The New South
26 October 2017 / Senate Room, Solomon Mahlangu House, University of the Witwatersrand
Andrew W. Mellon Chair of Critical Architecture and Urbanism, and Wits City Institute Director Noëleen Murray, in her inaugural lecture at the University of the Witwatersrand, presented a summary of her intellectual interests in the role, place and disciplinary histories of Johannesburg, through an elaboration of her flagship research project ‘The New South’. The project investigates the making and unmaking of the ‘dream’ space envisaged by a set of key South African architects, planners and urban designers during the dying days of apartheid, for out-mined land located to the south of Johannesburg.
Murray’s presentation took a journey through her 20-year body of research as a way to explore the intellectual suggestions contained in the title of the talk. Starting with a set of propositions connected to the idea of the ‘south’ as it has emerged in her own field in contemporary urban studies, she asked the audience to think of a genealogy of the term as it has appeared through a process of working against notions of the north and the west. Articulated as a constellation of work (some might say a new canon of sorts), it presents variously as in ‘Southern Theory’, in postcolonial studies as ‘subaltern’, or in ideas of ‘south-south collaboration’, and in practice in ‘Southern Cities’.
She used these ideas to formulate a series of questions pertaining to an approach to what ‘critical architecture and urbanism’ (the name of the Chair) might mean in relation to a set of readings in the spatial disciplines in contemporary South Africa. Murray’s thinking is particularly directed to the city that she finds herself in, Johannesburg, where thinking the tensions between ‘new geographies of exclusion’ and ‘landscapes of wealth’ have become frames for a consideration of the contemporary contests over a parcel of land once envisaged as the ‘The New South’, in terms of what, at the time, constituted a bold new approach to urban planning located around the old Crown Mines (later Rand Mines Properties) site in the southern areas of Johannesburg.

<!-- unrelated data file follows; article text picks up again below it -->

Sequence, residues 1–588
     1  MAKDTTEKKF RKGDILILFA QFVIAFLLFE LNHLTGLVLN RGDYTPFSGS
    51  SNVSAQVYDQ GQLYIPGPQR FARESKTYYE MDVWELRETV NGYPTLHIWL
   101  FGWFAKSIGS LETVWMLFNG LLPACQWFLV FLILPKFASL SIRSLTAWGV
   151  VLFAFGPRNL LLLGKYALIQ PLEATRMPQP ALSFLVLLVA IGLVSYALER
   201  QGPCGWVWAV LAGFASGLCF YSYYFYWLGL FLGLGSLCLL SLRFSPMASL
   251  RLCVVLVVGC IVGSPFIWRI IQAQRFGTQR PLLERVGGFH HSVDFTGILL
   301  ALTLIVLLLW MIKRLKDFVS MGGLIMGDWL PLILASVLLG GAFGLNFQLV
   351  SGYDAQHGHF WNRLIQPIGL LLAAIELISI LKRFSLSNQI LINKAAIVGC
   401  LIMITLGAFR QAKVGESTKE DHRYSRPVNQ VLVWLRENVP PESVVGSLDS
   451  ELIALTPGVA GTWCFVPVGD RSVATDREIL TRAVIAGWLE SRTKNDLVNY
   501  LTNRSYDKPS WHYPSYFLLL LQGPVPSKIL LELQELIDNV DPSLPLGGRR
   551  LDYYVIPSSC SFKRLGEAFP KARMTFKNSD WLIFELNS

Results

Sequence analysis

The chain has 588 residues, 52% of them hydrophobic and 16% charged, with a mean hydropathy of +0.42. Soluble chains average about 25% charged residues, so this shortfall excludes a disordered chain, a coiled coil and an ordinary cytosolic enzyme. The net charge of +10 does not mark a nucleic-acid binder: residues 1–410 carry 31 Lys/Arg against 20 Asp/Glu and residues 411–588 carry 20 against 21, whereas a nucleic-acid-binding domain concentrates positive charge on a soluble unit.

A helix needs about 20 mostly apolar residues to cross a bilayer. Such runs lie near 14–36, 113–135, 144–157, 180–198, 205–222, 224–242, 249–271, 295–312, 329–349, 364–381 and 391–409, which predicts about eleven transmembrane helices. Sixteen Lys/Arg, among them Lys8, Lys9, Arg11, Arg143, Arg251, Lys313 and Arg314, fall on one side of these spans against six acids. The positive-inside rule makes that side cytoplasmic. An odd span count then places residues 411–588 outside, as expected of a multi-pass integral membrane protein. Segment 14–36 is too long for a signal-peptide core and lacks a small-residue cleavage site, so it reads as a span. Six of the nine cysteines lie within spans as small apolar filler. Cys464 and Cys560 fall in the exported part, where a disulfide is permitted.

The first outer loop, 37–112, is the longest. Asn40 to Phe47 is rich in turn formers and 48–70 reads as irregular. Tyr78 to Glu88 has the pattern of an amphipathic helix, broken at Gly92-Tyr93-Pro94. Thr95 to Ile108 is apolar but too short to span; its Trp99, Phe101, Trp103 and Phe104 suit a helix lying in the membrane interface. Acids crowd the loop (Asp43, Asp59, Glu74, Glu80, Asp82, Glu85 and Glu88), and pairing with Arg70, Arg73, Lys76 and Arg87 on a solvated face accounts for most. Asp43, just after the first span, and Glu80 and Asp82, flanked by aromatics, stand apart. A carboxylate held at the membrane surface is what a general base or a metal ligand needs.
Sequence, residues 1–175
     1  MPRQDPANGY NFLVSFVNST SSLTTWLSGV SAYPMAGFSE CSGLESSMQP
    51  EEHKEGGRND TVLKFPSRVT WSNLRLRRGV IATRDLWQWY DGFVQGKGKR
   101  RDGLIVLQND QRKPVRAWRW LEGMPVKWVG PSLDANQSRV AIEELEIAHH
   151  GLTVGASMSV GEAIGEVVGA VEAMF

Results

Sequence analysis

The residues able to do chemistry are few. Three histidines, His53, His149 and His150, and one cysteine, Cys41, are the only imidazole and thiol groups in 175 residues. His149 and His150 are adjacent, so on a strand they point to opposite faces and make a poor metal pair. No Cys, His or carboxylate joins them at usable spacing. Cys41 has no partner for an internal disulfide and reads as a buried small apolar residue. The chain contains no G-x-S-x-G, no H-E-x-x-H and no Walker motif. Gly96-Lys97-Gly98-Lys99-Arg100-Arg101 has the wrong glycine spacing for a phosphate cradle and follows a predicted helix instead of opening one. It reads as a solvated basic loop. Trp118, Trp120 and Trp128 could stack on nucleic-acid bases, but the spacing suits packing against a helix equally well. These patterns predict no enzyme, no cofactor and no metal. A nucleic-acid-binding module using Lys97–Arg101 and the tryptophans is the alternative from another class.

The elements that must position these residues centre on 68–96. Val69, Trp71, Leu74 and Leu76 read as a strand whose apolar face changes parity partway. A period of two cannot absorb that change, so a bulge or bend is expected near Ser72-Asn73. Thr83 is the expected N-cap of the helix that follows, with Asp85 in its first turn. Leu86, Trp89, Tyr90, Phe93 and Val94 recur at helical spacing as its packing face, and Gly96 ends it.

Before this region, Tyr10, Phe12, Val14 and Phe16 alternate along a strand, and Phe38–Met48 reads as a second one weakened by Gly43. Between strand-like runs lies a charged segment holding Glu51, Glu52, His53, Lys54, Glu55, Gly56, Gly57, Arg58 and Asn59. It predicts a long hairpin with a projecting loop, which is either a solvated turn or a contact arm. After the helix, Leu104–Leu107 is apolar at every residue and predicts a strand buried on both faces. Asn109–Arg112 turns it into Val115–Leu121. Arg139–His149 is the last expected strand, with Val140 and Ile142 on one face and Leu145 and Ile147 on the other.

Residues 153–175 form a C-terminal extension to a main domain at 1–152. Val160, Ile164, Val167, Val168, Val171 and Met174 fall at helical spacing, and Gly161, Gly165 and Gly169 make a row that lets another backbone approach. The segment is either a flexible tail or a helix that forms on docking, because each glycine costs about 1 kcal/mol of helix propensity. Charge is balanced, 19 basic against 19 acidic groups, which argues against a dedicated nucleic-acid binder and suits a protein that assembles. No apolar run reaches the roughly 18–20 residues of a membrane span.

As a point of departure into thinking through these ideas of forming an approach to a method of thinking about architecture and urbanism critically, she examined the space in a manner that one might call from a broadly ‘humanities perspective’ where, borrowing from African Studies scholar Harry Garuba’s notion of ‘discursive space’, the site necessarily is challenging and interdisciplinary. This is of course also a direct reference to the Andrew W. Mellon Foundation’s Architecture, Urbanism and the Humanities Initiative, which links the intellectual projects of the Wits City Institute to key projects across the continents of North America, Europe and Africa.
Noëleen Murray joined the University of the Witwatersrand in 2015 to take up the position as the first Director of the Wits City Institute and the Andrew W. Mellon Foundation Chair in Critical Architecture and Urbanism. The Institute is generously funded by the Andrew W. Mellon Foundation in the Humanities, Architecture and Urbanism grant category. The Wits City Institute is the last of the six 21st Century Research Institutes to be established by Wits. The core intellectual and research contribution of the Chair of Critical Architecture and Urbanism is to bring humanities disciplines into a working relationship around debates on the city and the role played by architecture in particular. In her capacity as Chair, Murray has initiated a multidisciplinary research programme on the city, both in local and in broader comparative terms with a focus on the history and practice of architecture, critical spatial practice, and urbanism in the city, creating strong linkages between humanities and architecture, and involving creative scholars in relevant disciplines.
Since 2015, the Institute has supported many postgraduate scholars across the university, hosted regular seminars, workshops, and exhibitions, and has developed academic projects and publications. This has enabled the Institute to grow as a hub for creative, critical, intellectual debate, and as a touch point for new collaborations across the continent and beyond.